There are always exceptions, but as a general rule, this grape is at its best when young and fresh. When describing the taste of this wine you can think of every aromatic fruit and flower you can and then throw them in a wine glass. It can have aromas of apricots, peaches, spice, honeysuckle and jasmine. Those who don’t care for the high acidity of grapes such as sauvignon blanc will enjoy the low acidity captured when growers pick the viognier early.
When it comes to matching viognier with food, I think it is best enjoyed as an aperitif. This allows you to revel in its intoxicating perfume. But that’s not to say it doesn’t pair well with food. It’s a good match with mildly spicy dishes, chicken with cream, and perfect with rich-tasting seafood such as lobster.
To not let you down, I tasted quite a few voigniers to compile this week’s recommendations. The ones listed showcase the best in all price ranges for the aroma and taste of this grape. Some have been blended with a small number of other grapes, yet still express the lead traits of viognier.
- 2015 White Knight Viognier, California (about $12 retail)
- 2015 La Playa Viognier Chardonnay, Chile (about $10 retail)
- 2013 Ferraton Pere & Fils Condrieu Les Mandouls, France (about $60 retail)
- 2014 Treana Blanc, California (about $28 retail)
- 2014 E. Guigal Cotes du Rhone Viognier, France (about $20 retail)
by Lorri | Jul 13, 2011 | UnCorked
When walking the long aisles of a wine shop, you’ve probably had moments of discouragement, not because of an inadequate selection of wines but from the humdrum feeling you experience reading the routine labels one after another — cabernet, cabernet, cabernet; merlot, merlot, merlot; chardonnay, chardonnay, chardonnay.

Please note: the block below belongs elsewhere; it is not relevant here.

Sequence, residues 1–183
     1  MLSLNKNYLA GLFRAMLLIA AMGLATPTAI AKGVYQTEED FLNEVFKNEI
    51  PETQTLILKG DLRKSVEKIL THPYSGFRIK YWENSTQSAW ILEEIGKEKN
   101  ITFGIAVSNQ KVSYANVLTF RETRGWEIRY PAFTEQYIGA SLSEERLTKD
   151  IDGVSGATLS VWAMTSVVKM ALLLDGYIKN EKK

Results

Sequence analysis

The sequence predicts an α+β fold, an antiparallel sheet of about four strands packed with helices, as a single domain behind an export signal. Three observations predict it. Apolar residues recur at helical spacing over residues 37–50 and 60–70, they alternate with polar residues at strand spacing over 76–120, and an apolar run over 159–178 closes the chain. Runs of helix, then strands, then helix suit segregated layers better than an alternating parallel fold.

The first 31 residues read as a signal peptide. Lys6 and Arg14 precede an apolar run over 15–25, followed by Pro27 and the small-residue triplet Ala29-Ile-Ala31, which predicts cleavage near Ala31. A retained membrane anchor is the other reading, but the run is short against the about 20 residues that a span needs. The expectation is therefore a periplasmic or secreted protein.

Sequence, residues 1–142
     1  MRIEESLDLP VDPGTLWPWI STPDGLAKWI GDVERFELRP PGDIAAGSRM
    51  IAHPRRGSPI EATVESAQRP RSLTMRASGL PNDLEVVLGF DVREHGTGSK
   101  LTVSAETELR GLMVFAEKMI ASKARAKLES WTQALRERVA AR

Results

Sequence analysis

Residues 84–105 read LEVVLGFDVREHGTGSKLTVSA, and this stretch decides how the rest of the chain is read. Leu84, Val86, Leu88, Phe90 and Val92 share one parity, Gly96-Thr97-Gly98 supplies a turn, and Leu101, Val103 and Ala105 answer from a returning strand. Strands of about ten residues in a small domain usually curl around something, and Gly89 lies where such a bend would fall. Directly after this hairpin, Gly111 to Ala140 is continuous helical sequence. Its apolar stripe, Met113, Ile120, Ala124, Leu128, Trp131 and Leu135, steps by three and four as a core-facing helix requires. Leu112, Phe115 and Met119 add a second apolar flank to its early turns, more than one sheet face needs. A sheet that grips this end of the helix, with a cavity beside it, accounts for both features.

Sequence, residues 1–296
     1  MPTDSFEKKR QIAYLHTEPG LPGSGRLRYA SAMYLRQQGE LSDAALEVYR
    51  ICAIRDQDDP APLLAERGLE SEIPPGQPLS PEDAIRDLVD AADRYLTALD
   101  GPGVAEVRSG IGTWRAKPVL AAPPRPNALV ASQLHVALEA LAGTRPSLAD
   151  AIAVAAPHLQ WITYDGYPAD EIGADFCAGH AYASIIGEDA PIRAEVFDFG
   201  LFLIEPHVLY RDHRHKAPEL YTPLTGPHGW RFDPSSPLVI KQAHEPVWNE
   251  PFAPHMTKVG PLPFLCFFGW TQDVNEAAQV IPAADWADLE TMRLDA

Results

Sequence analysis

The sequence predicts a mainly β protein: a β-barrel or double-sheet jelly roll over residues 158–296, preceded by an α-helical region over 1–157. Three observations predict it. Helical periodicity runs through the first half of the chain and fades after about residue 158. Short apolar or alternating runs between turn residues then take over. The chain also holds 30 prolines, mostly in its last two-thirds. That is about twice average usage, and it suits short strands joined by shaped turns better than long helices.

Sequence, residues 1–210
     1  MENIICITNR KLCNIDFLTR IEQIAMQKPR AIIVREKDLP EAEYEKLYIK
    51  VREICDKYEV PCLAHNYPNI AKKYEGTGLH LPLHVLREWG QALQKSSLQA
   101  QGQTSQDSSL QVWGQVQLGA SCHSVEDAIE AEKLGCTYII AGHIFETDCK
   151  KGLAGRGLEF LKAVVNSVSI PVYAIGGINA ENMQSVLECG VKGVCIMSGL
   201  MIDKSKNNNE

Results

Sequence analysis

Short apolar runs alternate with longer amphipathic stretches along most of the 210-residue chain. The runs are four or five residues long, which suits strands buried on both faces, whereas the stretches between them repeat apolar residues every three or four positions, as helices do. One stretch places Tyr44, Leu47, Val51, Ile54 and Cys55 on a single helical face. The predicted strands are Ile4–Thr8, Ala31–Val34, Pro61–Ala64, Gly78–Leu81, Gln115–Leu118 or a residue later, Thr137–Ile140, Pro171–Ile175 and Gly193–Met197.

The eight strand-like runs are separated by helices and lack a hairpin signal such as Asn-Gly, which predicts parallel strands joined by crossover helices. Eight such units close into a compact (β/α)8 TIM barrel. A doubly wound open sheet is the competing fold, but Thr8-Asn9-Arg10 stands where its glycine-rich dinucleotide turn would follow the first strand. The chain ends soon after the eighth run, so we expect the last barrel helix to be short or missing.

Every once in a while a snazzy label jumps out at you and for a split second you are drawn to the shelf, only to resume chanting the familiar “Cabernet … cabernet … cabernet.”
There is no need for the monotonous wine search when more than 150 different commonly grown varietals await your palate. For a head start on stepping out of the box consider exploring these refreshing summer favorites.
Snubbed almost as often as white zinfandel, Rieslings may be the most under-appreciated white grapes in the world. That’s usually because of the continued misunderstood image of all Rieslings as sweet, the cumbersome, confusing labels or simply because people have not explored the surprising and racy crispness of dry Rieslings.
In its youth it is crisp, light, apple-y and refreshing. With age, fine Rieslings take on aromas of petroleum (in a good way) and become richer on the palate.
- 2010 Cupcake Dry Riesling, California (about $12 retail)
- 2009 Spy Valley Riesling, New Zealand (about $24 retail)
If you enjoy New World chardonnay, you’ll love the unique taste of Viognier. Traditionally grown in France’s northern Rhone region, California’s Rhone Rangers are beginning to master this rich, perfumed grape. At its best it’s a dry, opulent, rich, mouthwatering wine with layers of aromatic flowers.
- 2010 Yulumba Y Series Viognier, Australia (about $12 retail)
- 2010 Bridlewood Viognier, California (about $23 retail)
Albarino is produced and grown in the Rias Baixas region of northwest Spain. The climate in most of Spain can best be described as hot, hotter and unbearable. This area offers much cooler temperatures and has an abundance of rainfall, all contributing to Albarino’s delicate, lively, aromatic characteristic. For centuries, its following was in the local Spanish market, but since its release to the rest of the world, it is emerging with cult status in limited quantities.
- 2009 Martin Codax Albarino, Spain (about $14 retail)
- 2009 Laxas Albarino, Spain (about $20 retail)